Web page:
Erika Balsom Interview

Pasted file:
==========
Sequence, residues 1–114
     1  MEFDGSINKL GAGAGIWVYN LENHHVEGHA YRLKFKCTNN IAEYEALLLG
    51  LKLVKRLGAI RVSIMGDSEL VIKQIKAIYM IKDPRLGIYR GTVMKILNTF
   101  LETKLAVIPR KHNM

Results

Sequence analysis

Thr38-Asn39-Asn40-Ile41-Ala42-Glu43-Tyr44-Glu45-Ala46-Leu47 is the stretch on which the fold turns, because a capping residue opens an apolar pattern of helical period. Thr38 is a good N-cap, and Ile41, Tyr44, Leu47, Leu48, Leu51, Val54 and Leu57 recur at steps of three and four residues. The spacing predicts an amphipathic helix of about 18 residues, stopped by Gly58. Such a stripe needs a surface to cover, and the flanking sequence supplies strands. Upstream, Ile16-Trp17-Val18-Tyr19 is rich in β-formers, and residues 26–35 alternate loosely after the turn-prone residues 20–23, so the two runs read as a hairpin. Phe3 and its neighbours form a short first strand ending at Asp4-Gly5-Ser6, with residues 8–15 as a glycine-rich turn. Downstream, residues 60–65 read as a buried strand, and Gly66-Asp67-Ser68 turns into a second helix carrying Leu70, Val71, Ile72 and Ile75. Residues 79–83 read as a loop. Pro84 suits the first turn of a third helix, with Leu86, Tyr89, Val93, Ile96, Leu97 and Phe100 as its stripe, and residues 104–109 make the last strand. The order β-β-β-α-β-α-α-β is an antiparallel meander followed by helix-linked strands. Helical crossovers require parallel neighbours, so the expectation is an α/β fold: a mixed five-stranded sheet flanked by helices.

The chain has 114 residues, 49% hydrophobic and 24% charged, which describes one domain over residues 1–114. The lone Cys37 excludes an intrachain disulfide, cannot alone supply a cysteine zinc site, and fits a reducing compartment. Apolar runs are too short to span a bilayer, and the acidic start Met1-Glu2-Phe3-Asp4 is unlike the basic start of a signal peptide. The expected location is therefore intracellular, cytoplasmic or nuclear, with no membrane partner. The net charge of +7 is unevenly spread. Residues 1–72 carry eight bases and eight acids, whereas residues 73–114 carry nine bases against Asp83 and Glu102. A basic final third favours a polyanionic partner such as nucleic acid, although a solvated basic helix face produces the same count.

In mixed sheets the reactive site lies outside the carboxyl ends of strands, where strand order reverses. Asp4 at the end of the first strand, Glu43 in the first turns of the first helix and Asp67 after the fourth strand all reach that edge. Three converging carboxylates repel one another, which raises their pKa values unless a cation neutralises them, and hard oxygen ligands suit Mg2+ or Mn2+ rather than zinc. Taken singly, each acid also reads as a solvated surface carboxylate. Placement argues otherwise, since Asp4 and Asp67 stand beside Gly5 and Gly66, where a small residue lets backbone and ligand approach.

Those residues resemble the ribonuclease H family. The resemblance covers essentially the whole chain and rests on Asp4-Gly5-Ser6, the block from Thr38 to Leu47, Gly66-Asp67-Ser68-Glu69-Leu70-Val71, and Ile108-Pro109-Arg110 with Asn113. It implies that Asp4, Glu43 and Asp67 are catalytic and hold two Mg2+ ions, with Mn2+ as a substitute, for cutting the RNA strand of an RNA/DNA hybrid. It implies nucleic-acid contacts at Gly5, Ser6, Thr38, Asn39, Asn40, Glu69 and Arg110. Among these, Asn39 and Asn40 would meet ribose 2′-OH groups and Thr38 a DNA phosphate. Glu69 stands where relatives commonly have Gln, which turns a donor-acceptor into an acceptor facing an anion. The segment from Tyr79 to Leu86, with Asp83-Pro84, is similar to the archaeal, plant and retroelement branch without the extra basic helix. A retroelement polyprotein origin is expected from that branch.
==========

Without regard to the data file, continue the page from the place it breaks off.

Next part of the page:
RESEARCH SERIES #5 By Arie Altena In February 2014 Sonic Acts presented the Vertical Cinema project in the Dan Flavin Hall of the Stedelijk Museum in Amsterdam. The programme included lectures on verticality in film by Philippe-Alain Michaud, Bart Rutten, Noam Elcott and Erika Balsom. Their lectures referred to many examples from the history of film, contemporary arts, theatre and nineteenth-century visual spectacles of the use of verticality in moving images. They made clear that Vertical Cinema could expand in many directions, and that it resonates with several tendencies in the contemporary culture of moving images. We used the opportunity to pose some questions to film scholar Erika Balsom. Arie Altena: How does Vertical Cinema connect with the ideas you are working on? Erika Balsom: My recent research examines contemporary art practices as a way of thinking about what happens to cinema after digitisation. Since the early 1990s, many artists have been engaging with the moving image in ways that I see as producing a reflection on the material, architectural, and aesthetic mutations of cinema in recent years. I think we can see a project like Vertical Cinema as allegorising some of the transformations of cinema after digitisation, such as the increased variability of the aspect ratio and the new exhibition spaces into which the moving image has travelled. It is interesting to me that Vertical Cinema uses 35mm film and keeps the recognisable CinemaScope aspect ratio, but then literally turns it on its head. We see a familiar apparatus deployed in an unfamiliar way, gesturing to continuity and change at the same time. This very much connects to a key aim of my research, which is to see how cinema is preserved and transfigured by technological change and by its increasing presence in the contemporary art context. AA: One of the interesting things that happens with our project Vertical Cinema is that although at first the idea of vertical cinema seems to be totally marginal, the longer you investigate it, the more cultural references pop up. Some are mentioned often, like the writings of Sergei Eisenstein and the balloon panoramas. Others come as truly pleasant surprises. EB: Chris Welsby’s Shore Line from 1977 is an interesting example in this respect. It was first shown in London and then in Amsterdam in 1980 at the Festival of Nations. The work consists of six 16mm projectors turned on their side so that they project in portrait format. Each one shows an image of a shoreline with incoming waves. They are placed side by side so that the horizon line goes directly across to create a kind of panoramic image. There’s a fascinating tension between horizontality and verticality at play. But the even more interesting aspect is that Welsby purposefully doesn't synchronise the projectors. The inability to achieve complete synchronisation has always been a problem in multiscreen projections – Abel Gance complained about this while realising the triptych projections in his film Napoleon (1927) and it persisted as a problem in the Cinerama system. You could always see the seams dividing the panels of film. Instead of regarding this as something to overcome, Welsby actually uses it to disrupt the representational integrity of the image. He breaks the illusion that the viewer might have transparent access to the natural scene he depicts. There is an insistence on the aleatory relationship between the individual vertical images, and this makes any synthesis into the horizontal aspect ratio incomplete. The vertical image always retains something of its autonomy by being out of step with its neighbour. To me, this is a very interesting work to discuss in relation to Vertical Cinema, but perhaps one that is less known. AA: If you look at art practices now do you see different aspect ratios or portrait-sized screens being used more often? EB: The digital image makes it much easier now to manipulate the aspect ratio than ever before. With photochemical film, the aspect ratio is tied to the shape of the image on the filmstrip. And in turn the shape of the image is tied to the needs of camera manufacturers and so on. There is a close relationship between the storage medium and the display medium in photochemical film, which is simply not true for the digital. In vernacular digital culture we find a really large variability of aspect ratios and that offers certain aesthetic possibilities to artists. AA: But isn't that narrative a little bit more complex? There is also standardisation in the world of digitisation, the push to use certain defaults. The more that software and a certain mode of production become commercialised the more difficult it is to manipulate. One thing running through our Vertical Cinema project has been the use of celluloid as a critical statement on the industrialisation and standardisation of digital film. The entire digital video production process has become closed. So I wonder to what extent various aspect ratios are used in the digital vernacular? EB: You’re absolutely right to point out that there are standardised digital formats – if someone uses Instagram it’s a square picture, whether you like it or not – but it is undoubtedly the case that there is a greater variety of formats than with photochemical film, and also a greater ease in treating the frame as malleable. If you’re an artist working with digital video, you can really make your projection whatever shape you want. And that’s something that wouldn't necessarily apply to photochemical film. Though there is, of course, a whole history of analogue examples of unusual aspect ratios, so it certainly isn’t something that began with the digital. AA: One of Noam Elcott’s examples at the Vertical Cinema event was a film by Malcolm le Grice made with 9.5mm film, which was already obsolete when he used it. How would you compare the field of cinematic experimentation, for instance, the expanded cinema of the 1960s, to the use of multiscreen and various aspect ratios within contemporary films made by artists? EB: One way of thinking about these examples from the perspective of contemporary artists’ cinema is exactly as a continuation of that lineage of cinematic experimentation that goes back to Le Grice and the broader tradition of expanded cinema. But obviously the status of the moving image in relation to art institutions has changed greatly since the 1960s and 1970s. The moving image has gone from something that was relatively marginal to something that is today absolutely endorsed. In 1960s expanded cinema there tended to be a critical imperative to break apart the apparatus as we knew it, as well as a claim that the spectator would become critically active in negotiating the screen space. I don’t think we can make those claims on the part of most contemporary works. I think their interests are very different, as is their relationship to art institutes. Doug Aitken makes highly spectacular multiscreen works, yet we see none of the same criticality there. But lots of works from the 1960s and 1970s have received renewed scholarly and curatorial attention because of this recent work in contemporary art. Until the last fifteen years or so these experimental works were generally not considered as part of art history in any significant way. Now they are. AA: Could you reflect on this change in attitude? EB: I have two answers. One: it’s very belated. The canonical histories of experimental film and art have been breaking down for a while and things reached a point where these expanded cinema works were readmitted and reassessed in light of their undeniable importance. But the other reason, particularly true within academic film studies, has to do with the major question confronting the discipline right now is: what is cinema? There is a return to an ontological inquiry that wasn't really a part of the conversation on film in the 1970s or 1980s, or even the 1990s. What is cinema? What are the kinds of variable instantiations of cinema? How can we think of a classical apparatus, but also how can we think outside of it? These are all questions that are now unavoidable for anybody talking about the moving image and yet they have confronted artists and filmmakers for ages. So I think that’s part of the reason why we have had a lot more beginning PhD students saying: ‘I’m working on 1960s and 70s expanded cinema’. Why? Well, these are simply terrific and important works. But there’s also a sense that they provide answers to certain theoretical questions that are quite pressing in the discipline now. And it’s about time. AA: This is certainly related to the explosion of different forms and formats of moving image…the different screens that we have, the mobile screens, the huge screens used for advertising... EB: In my book Exhibiting Cinema in Contemporary Art I wrote about what is called ‘the classical cinematic apparatus’. It still persists today in some places but certainly not in the way that it used to. What has happened is that this apparatus has disintegrated and elements of it have travelled and combined with things that historically weren’t a part of cinema to create new hybrid forms. I see this not as a dilution of cinema; it’s not a bad thing. It’s actually a really interesting point of tension that allows us to think about what cinema was, and also about its potential new forms. But I think that it’s impossible to adequately consider the use of the moving image that we see in contemporary art and visual culture without fully understanding the history of cinema and film theory. That tradition is important to helping us understand the present. AA: A very radical view would say that classical cinema actually only spanned a very brief period in the history of moving images, if you go back to Renaissance theatre and the magic lantern shows, phantasmagoria, etc. EB: Of course. But I do see the classical cinematic dispositif as a unique and privileged form, for all kinds of reasons that would take too long to get into here. I would also argue that it’s within the discipline of film studies that we find the most interesting accounts of the ways those older media forms turned into cinema. We owe our understanding of this longer history of moving images to work that has been done largely within the discipline of film studies. Film theory provides us with a way of understanding this longer history, and also where we might be headed. AA: Had you ever thought about the theme of verticality in cinema before we asked you to do a lecture on it? EB: A little bit, primarily in relation to Tacita Dean’s Film, which I’ve written about in a forthcoming article. Also, as a graduate student I attended a seminar on Eisenstein where we read almost everything he ever wrote that was available in English, so I was familiar with his text on the dynamic square. Tacita Dean’s Film was particularly interesting to me because it demonstrates the specificity of analogue film through attributes and techniques primarily associated with digital media, such as compositing, artifice, and special effects. We might see Dean’s use of the vertical screen not simply as a way of producing a work that would be visually effective within the Turbine Hall, but – like her use of compositing – as a gesture that stakes out a difference from digital forms of imaging by doing something closely associated with the digital in 35mm film. The portrait aspect ratio is, after all, perhaps most familiar to us now from smartphones. AA: There are obvious reasons why our field of vision is horizontal. But maybe there are other reasons why verticality is virtually absent in cinema? EB: The very obvious reason for the dominance of the horizontal is that cinema inherited nineteenth-century theatre traditions. In his piece on the dynamic square, Eisenstein briefly remarks that economics is also a motivator for horizontal screens: if the screen is horizontal, more people can fit in the theatre and have a decent sight line. I could be forgetting something, but basically all of the examples of vertical cinema that I know are non-narrative cinema. Cinema obviously began as a non-narrative form but quickly became a narrative form. I think it’s possible to imagine what a vertical narrative film would look like, but it’s quite difficult because we would probably imagine that only one person could occupy the screen at once – or the figures would be very, very small. Narrative cinema is dominated by an interest in humanity, in human encounters, and human conflict. Again, this is something that cinema inherits from earlier forms, in this case the nineteenth-century novel. It is hard to see how vertical cinema could be a satisfying form for depicting human encounters and conflict. AA: When we started the Vertical Cinema project we also imagined how it could be used for more narrative forms, even though in the end the first films made for it are non-narrative. EB: Some of Bill Viola’s video work in portrait mode has narrative moments. Melanie Smith and Rafael Ortega did a landscape piece in vertical format, but I can’t think of any really narrative works. But I’m sure there are film students who have made narrative films using a phone, and I imagine we’ll see more experiments with this in more mainstream contexts in the future. AA: Often the use of vertical motion in narrative cinema is the least narrative moment in a film. Going up and down in an elevator, speeding downhill. It’s a special effect; it’s the cinema of attractions. It ties into the whole idea of the nineteenth-century visual spectacles that Erkki Huhtamo talks about. EB: It’s worth noting that the diversity of projected image entertainment in the late nineteenth century is really immense, compared to what cinema quite quickly became in the twentieth century. Reflecting on this diversity, I think we clearly see the incentive to keep cinema open and preserve the wide variety of cinematic or pre-cinematic forms, rather than having everything turned into the classical format. Erika Balsom lectures in Film Studies and Liberal Arts at the Film Studies Department, King’s College, London, and is the author of Exhibiting Cinema in Contemporary Art (2013).